Passing the Torch at Raymond James
Leadership transitions are high-stakes affairs. In hiring his own replacement, Tom James has adopted a phased-in succession.
Paul Reilly (left) will succeed Tom James, who succeeded his father, company founder Bob James (painting).
Paul Reilly, 55
Previous positions: Executive chairman, Korn/Ferry International; CEO, KPMG International; real estate developer
Education: MBA in finance, University of Notre Dame; CPA
Family: Married, with three daughters
Timing: “I sold my consulting firm to KPMG on Black Monday, October 1987. I joined Korn/Ferry on June 30 of 2001, which is the year the industry went down by 50% because of the tech bubble, and I joined here in March, which I think was the low point of the stock market. I tell people, I hope I don’t cause the bottoms; maybe I just get to join on the bottoms.”
Similarities with Tom James: “I think we’re a lot more alike than I thought. I found out things about him after I joined — for example, we have the same birthday, which was kind of creepy. Financially, we both don’t have debt. There are a lot of similarities.”
Recruitment: “We both have this philosophy that if you recruit people one by one, they’re more likely to be coming for the right reasons because they believe in what you’re doing.”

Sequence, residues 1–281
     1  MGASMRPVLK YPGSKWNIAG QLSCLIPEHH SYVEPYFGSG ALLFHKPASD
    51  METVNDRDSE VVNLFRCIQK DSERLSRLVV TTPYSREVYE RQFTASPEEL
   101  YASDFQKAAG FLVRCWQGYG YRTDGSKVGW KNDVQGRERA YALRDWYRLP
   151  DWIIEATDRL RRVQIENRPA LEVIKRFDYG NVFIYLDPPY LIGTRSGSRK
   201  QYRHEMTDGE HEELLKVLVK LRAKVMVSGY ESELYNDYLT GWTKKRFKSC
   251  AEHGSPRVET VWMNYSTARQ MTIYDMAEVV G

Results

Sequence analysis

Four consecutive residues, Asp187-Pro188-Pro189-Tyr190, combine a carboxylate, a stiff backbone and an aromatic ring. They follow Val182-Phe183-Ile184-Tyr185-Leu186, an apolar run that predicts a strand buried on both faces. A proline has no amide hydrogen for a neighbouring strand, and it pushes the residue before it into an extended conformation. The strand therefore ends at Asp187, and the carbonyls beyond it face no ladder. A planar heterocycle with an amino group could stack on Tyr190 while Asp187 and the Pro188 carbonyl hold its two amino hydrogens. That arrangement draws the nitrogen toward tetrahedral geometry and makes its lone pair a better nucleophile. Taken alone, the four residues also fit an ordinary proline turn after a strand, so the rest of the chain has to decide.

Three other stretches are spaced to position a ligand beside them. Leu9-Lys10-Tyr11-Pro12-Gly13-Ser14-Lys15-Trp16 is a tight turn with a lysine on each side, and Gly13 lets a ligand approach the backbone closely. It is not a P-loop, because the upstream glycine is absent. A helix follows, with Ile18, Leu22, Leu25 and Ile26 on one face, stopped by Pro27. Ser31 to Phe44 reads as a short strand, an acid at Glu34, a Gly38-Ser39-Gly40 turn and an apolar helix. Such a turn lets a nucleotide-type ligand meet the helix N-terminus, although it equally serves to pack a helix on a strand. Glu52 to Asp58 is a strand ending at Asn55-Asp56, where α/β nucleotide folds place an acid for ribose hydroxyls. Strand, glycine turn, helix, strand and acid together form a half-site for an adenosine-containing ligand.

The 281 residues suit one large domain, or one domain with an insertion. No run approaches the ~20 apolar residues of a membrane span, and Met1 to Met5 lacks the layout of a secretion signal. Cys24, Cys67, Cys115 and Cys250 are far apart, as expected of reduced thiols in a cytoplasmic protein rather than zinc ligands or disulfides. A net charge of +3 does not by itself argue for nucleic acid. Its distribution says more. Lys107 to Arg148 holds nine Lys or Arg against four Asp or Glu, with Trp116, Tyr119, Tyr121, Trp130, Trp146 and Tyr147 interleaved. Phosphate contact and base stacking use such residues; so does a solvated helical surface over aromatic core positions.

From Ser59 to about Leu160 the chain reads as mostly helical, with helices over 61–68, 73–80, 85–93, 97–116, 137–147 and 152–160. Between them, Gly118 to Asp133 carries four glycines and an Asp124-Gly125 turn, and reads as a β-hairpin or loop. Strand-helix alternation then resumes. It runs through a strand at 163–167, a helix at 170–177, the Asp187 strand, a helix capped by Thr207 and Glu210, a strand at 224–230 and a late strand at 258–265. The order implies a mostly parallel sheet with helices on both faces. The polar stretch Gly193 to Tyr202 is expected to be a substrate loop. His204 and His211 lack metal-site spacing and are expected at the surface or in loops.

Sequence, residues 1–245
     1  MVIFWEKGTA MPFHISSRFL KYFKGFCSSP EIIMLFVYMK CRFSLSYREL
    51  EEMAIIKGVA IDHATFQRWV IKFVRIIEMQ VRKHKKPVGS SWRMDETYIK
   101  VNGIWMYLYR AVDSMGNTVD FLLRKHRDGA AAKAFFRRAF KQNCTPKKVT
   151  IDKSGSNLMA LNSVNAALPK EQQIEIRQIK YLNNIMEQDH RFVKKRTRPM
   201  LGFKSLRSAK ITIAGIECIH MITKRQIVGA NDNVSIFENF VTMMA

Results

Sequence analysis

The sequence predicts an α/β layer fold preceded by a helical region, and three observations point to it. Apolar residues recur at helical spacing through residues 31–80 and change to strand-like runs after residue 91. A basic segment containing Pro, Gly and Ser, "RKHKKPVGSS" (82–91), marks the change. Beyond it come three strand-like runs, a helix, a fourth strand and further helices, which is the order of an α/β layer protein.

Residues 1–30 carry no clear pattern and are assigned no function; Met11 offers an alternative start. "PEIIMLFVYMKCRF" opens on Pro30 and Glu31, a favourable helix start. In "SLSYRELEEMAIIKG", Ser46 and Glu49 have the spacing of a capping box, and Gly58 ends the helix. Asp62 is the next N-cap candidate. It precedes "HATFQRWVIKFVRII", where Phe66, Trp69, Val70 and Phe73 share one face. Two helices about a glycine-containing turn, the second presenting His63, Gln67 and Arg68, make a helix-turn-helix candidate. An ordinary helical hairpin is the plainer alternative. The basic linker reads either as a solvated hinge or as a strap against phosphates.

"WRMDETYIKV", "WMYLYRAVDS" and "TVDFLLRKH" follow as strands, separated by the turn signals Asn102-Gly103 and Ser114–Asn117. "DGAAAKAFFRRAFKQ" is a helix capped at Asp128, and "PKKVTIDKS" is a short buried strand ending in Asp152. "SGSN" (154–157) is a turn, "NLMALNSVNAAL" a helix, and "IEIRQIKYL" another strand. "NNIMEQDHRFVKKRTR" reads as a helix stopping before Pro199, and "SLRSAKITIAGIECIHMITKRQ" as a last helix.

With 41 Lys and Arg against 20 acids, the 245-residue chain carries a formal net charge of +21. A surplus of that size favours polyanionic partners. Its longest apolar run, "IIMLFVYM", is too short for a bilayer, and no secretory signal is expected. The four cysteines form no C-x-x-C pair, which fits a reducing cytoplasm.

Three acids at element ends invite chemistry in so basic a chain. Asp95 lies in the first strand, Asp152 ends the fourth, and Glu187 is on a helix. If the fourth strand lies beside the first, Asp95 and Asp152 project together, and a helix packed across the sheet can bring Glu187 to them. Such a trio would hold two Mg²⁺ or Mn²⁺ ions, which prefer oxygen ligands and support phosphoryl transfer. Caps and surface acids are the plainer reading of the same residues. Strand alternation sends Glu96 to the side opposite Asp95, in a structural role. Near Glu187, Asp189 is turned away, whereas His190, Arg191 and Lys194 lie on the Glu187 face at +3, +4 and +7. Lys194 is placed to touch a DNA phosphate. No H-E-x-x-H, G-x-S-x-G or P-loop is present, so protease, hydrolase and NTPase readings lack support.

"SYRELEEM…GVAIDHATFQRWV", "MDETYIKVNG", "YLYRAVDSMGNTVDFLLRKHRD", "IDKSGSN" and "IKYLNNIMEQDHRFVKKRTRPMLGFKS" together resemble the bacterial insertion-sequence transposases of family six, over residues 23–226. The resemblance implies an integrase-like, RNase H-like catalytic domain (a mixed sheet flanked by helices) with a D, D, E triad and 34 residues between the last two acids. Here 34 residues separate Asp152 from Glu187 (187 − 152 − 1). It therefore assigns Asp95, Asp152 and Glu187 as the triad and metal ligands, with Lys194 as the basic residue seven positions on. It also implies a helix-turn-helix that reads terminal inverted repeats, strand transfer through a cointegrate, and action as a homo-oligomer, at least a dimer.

Recovery: “The industry I think has gone through the hardest part. Tom and I share (the belief) it’s going to be a longer rebuild, that we are rebuilding, but it may take more time than people think.”
Government regulation: “I think the mood right now is to try and regulate everything. There is always what Icall the law of unintended consequences. So you can put out a cash for clunkers program and it stimulates car sales and it does all sorts of good things and it gets gas guzzlers off the road. But go talk to people who have repair shops and talk to people that sell auto parts for cars — you don’t hear about those things. I’m not a great believer in fiddling with the free market unless there is crisis.”
Good management: “I think there are some managers who like to beat up people and focus on their weaknesses. I actually think great managers are able to look at other people’s strengths and capitalize on them and know their own strengths and weaknesses and make sure they get people who can cover their weaknesses and leverage off their strengths.”
Motivation: “When you get to be this big, it isn’t about a person; it’s about a group of people that can motivate a bigger group of people that can motivate a bigger group of people to get the jobs done. I don’t care how good Tom is, if the financial advisers aren’t good and they’re not motivated in talking to the customers, this whole thing doesn’t work.”